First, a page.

Can you imagine corn and lettuce and tomatoes growing on the White House grounds? Well, some people with vision have not only thought about it, they have grafted a petition to do away with some of the manicured lawns and replace them with vegetables. The benefits? Fresh vegetables for the table of not only the occupants of the White House and their guests, but also for public school programs and food pantries in Washington, DC. The cost of this plan should be lower than the care and maintenance of the current lawn. The plan is for volunteers on bicycles or on foot to deliver the food. To get all the information about this project visit their site, and maybe sign the petition.

Apparently it is also possible to grow vegetable on top of an old school bus. Not the easiest way to do that I think, but it is certainly an attention getter ;)

You may also want to check out the article “Foodies Petition Obama” on La Vida Locavore‘s site.

Beets – a superfood

Sunday, November 23rd, 2008

some foods seem destined to wind up on our ‘do I really have to eat this’ list. Spinach seems to be high on that list, but so are beets. And they do have a grungy kind of appearance. But the taste – heavenly, if you ask me. This bunch I brought in just before last night’s rain turned to snow. They are the last of the season and not prime examples but they will taste just as sweet as their predecessors did which were pulled up during the summer months. Beets are quite versatile – eat them raw with a little vinegar and oil, or cook them with cumin seeds, tomatoes, garlic and onions; the leaves make a fine salad, and that is just for starters. A juice made with beets and carrots is naturally sweet. And so healthy!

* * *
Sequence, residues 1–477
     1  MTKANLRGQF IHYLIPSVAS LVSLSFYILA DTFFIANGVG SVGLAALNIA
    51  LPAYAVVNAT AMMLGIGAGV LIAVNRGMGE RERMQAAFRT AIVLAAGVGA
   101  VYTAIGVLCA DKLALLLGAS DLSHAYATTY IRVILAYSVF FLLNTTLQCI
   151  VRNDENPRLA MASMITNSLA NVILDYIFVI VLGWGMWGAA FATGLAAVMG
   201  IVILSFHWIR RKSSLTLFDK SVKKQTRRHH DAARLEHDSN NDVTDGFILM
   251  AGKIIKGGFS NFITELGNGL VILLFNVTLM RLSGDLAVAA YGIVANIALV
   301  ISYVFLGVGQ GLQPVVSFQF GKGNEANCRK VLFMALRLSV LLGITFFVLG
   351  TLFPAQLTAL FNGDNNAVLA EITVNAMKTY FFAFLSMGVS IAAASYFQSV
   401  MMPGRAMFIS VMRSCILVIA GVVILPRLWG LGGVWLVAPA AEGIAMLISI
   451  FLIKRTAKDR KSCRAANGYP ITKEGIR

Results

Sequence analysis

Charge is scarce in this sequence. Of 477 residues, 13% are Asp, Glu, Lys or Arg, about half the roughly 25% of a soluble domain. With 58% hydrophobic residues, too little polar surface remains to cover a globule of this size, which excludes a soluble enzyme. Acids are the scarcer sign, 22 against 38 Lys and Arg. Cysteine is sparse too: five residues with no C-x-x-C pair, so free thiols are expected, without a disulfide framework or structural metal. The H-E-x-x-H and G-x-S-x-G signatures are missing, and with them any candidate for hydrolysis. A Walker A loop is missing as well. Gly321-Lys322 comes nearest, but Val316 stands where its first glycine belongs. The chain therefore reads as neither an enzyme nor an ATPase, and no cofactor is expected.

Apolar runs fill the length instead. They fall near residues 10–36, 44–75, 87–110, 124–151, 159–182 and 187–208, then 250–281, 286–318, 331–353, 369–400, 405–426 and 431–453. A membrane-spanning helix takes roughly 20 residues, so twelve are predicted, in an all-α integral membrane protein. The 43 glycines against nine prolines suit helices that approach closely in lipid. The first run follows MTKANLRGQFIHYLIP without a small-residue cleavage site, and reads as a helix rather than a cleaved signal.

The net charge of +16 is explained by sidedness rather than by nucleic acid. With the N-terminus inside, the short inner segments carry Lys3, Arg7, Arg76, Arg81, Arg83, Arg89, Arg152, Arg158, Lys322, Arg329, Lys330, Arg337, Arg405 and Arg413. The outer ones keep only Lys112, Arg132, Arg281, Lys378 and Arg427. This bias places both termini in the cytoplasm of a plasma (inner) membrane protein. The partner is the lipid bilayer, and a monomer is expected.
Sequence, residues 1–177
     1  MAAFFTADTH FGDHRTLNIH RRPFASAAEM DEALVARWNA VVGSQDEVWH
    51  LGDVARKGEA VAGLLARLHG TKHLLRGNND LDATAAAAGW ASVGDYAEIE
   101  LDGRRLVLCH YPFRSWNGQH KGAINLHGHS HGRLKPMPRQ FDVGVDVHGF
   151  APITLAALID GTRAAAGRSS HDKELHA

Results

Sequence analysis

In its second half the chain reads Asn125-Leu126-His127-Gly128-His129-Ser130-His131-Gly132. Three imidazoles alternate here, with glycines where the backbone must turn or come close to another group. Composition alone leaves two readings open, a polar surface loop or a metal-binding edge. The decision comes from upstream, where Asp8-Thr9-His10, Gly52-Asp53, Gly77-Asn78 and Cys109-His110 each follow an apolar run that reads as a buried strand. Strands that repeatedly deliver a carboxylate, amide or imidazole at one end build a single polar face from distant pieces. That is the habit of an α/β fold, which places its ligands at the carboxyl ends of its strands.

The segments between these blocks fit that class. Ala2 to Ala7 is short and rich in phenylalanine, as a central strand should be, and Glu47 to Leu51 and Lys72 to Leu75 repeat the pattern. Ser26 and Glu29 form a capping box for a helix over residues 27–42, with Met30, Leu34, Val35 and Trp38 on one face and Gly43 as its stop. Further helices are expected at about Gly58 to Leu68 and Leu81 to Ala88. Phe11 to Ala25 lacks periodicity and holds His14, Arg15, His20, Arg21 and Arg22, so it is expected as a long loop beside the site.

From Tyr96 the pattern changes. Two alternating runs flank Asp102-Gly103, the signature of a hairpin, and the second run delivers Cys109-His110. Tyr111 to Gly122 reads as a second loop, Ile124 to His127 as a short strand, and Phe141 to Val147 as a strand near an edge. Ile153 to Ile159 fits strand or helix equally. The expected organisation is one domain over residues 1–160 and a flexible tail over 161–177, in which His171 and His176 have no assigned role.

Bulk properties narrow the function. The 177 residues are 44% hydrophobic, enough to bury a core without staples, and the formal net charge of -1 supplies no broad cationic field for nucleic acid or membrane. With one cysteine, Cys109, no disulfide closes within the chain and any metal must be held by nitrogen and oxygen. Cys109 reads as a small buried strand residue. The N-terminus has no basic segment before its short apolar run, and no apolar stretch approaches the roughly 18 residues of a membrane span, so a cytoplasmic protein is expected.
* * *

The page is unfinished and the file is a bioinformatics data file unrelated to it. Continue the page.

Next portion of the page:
If you still aren’t convinced that you like to see beets on your dinner table look up the health benefits of beets and get convinced ;)

Wild lettuce

Thursday, November 20th, 2008

this afternoon, as I was preparing to lay the ground work for another section of path around the rose beds I discovered lettuce! A few years ago I put some seed down, we had some delectable salads that first year, and ever since then the harvest has been a pretty steady one even though the exact location of the plants has been somewhat unpredictable. Apparently the birds scatter the seeds, and so I have wild lettuce appear in the middle of a path, between the roses, and – I know this is hard to believe – sometimes even in the vegetable garden ;)

So tonight’s dinner will center around a nice salad, the herbs are still producing nicely and will be mixed in, possibly one of the last hurrays of the season. There is some frosty weather in the forecast ;(

You might know this type of lettuce as corn salad or lamb’s lettuce. No matter what you call it, it is a real taste treat, far better than the stuff one can buy in the market.

Declaring war on weeds

Monday, November 17th, 2008